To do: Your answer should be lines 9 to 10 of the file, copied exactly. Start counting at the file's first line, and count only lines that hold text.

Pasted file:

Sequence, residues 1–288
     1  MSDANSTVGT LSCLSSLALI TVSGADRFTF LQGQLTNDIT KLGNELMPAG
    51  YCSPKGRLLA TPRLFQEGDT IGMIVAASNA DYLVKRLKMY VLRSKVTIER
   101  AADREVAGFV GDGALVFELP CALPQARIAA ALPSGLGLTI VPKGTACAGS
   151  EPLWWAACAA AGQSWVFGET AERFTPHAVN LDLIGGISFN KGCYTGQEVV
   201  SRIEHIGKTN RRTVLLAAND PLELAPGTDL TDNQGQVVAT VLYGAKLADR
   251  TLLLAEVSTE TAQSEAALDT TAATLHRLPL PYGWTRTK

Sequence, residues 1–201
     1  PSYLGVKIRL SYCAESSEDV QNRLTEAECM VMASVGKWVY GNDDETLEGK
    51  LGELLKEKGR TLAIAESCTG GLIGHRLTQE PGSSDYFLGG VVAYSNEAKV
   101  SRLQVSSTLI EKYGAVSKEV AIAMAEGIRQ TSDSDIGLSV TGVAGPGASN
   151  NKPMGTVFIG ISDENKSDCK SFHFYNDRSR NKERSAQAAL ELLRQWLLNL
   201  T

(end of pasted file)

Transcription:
     1  PSYLGVKIRL SYCAESSEDV QNRLTEAECM VMASVGKWVY GNDDETLEGK
    51  LGELLKEKGR TLAIAESCTG GLIGHRLTQE PGSSDYFLGG VVAYSNEAKV